Accessing resources in a private network with SSH tunnel proxies

Companies tend to restrict access to internal systems to approved devices on the internal network. Sometimes one needs or wants to access internal systems from a machine outside the network. This can be achieved if you can SSH into a machine that is connected to the internal network and can access the required resources.

Binding a remote service to a port on localhost

If you are on an internal network and you can access an internal application via a host/IP address + a port, then you can access that resource from outside the network by binding it to a port on localhost.

For example, a database may be accessible on some IP db host and a port db port. To connect to the database with some client (e.g. dbeaver or SQLAlchemy) inside the network, you would need a connection string of the form <db type>://<db user>:<db pw>@<db host>:<db port>/<db>.

Of course if you are outside the internal network, then db host can not be resolved. Instead what you can do is use

$ ssh -L <localhost port>:<db host>:<db port> <ssh server user>:<ssh server pw>@<ssh server host>

ssh server in this case refers to the host to which you can SSH from outside the network. Of course if you set up SSH access via keys, then ssh server pw will not be required. locahost port can be freely chosen, but it must be a port that is not yet in use.

If this command runs successfully, you will be SSHed into the ssh server host, but also the database will be bound to the original host. On this host, it will then be accessible with the connection string <db type>://<db user>:<db pw>@localhost:<localhost port>/<db>.

Binding the SSH connection to a port

It may be inconvenient to directly bind individual internal services to localhost ports. For example, you may want to browse multiple internal websites on different hosts. For this use case, there is another solution:

$ ssh -D <port> <ssh server user>:<ssh server pw>@<ssh server host>

This opens the SSH connection and binds it directly to a local port of your choosing. You can then use localhost:<port> with SOCKS5 as a proxy for various services. In order to use this proxy, the client application must support proxied connections. Some examples.

Accessing internal websites

Once you have bound the tunnel to a port, you can use it as a proxy in your browser to connect to internal websites. Most browsers have a built-in feature to allow you to set up a proxy connection, but this can be clunky if you don't always want to connect through this proxy. A plug-in for easily switching proxies can be helpful, e.g. SwitchyOmega for Firefox. In SwitchyOmega, you can create a new profile and add a proxy server with protocol=SOCKS5, server= localhost, and port=<port>. You should now be browsing as if you are on the internal network.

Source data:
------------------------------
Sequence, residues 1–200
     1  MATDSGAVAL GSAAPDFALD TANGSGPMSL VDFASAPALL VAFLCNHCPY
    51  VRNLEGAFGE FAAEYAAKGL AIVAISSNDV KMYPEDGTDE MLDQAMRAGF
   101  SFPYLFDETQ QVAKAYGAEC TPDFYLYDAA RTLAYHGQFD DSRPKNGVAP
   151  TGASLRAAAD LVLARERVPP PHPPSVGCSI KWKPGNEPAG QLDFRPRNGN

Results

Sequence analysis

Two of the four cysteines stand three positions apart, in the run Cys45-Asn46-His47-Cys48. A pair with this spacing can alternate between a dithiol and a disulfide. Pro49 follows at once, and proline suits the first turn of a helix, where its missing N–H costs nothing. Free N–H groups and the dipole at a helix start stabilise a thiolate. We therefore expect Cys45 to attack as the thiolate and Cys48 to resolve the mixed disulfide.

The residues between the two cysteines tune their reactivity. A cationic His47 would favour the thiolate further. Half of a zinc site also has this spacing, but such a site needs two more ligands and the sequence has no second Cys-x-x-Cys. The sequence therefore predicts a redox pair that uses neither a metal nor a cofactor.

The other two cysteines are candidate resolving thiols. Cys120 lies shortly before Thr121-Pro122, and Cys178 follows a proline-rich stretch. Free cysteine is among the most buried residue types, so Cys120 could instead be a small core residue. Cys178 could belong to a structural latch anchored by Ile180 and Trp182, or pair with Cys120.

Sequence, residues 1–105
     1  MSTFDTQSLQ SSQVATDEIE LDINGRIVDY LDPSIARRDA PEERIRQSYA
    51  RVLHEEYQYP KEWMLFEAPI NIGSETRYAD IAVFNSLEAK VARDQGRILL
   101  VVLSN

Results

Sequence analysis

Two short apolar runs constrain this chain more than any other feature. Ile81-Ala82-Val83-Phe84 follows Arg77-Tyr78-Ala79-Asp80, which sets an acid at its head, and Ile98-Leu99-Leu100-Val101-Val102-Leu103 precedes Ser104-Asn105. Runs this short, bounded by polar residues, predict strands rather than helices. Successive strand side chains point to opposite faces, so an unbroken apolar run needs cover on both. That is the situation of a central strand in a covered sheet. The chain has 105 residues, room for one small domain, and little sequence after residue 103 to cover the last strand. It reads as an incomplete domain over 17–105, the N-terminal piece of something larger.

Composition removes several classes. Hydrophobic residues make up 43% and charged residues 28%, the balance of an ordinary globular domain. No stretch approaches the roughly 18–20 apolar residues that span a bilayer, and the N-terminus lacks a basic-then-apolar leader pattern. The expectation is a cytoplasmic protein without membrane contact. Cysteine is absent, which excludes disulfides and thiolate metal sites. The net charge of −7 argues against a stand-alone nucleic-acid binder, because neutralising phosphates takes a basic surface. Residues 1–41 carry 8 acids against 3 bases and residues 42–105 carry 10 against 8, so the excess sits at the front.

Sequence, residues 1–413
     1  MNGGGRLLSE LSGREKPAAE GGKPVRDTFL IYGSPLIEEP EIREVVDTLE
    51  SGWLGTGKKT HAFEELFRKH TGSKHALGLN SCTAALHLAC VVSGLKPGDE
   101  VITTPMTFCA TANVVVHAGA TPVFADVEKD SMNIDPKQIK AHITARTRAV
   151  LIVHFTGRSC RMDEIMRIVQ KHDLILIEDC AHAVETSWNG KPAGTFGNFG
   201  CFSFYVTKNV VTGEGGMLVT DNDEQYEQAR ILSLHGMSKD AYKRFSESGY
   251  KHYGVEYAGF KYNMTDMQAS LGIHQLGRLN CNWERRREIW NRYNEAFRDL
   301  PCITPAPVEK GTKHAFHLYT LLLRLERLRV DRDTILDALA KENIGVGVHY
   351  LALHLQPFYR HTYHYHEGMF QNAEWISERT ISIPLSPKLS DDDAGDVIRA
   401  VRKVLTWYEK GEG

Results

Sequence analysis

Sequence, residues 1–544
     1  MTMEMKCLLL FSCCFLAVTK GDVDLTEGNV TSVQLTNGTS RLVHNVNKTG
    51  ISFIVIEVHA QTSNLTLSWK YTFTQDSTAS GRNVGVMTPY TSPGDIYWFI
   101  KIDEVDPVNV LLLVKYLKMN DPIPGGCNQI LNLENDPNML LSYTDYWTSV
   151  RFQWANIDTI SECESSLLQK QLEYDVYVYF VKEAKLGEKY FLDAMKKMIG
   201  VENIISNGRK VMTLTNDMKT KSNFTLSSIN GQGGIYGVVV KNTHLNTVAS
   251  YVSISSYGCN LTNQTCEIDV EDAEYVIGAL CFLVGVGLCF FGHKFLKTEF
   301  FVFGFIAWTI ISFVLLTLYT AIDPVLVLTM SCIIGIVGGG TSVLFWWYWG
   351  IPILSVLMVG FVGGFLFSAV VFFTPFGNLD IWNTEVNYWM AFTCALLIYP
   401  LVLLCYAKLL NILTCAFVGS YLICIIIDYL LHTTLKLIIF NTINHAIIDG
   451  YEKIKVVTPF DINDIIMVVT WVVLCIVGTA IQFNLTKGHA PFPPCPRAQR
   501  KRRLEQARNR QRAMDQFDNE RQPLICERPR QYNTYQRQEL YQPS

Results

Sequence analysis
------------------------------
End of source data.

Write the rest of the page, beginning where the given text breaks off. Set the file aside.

Pulling docker images from a private image registry

Suppose you need to pull a docker image from a private registry only accessible from inside the internal network. You can create a file /etc/systemd/system/docker.service.d/http-proxy.conf:


Then you should restart the docker daemon

# systemctl daemon-reload
# systemctl restart docker

Credit to this stackoverflow answer for guidance on this topic.

Now you can pull the docker image through the tunnel.

Gaining access to a ssh server host

The ssh server must of course somehow be accessible to your host outside the network. If the server exists within the network but does not expose the ssh port to the internet you can not connect. There may be a workaround using a company laptop that can make a VPN connection to the network. When the VPN is on, the laptop is effectively part of the internal network. If an ssh server can be run on the laptop, and it is simultaneously connected via VPN, then you can use the laptop as access point to the internal network. To make this practical, you should assign the laptop a static IP on your LAN. Even if the work laptop is running Windows, you can still make it into an ssh server if you have admin privileges; best to google the details.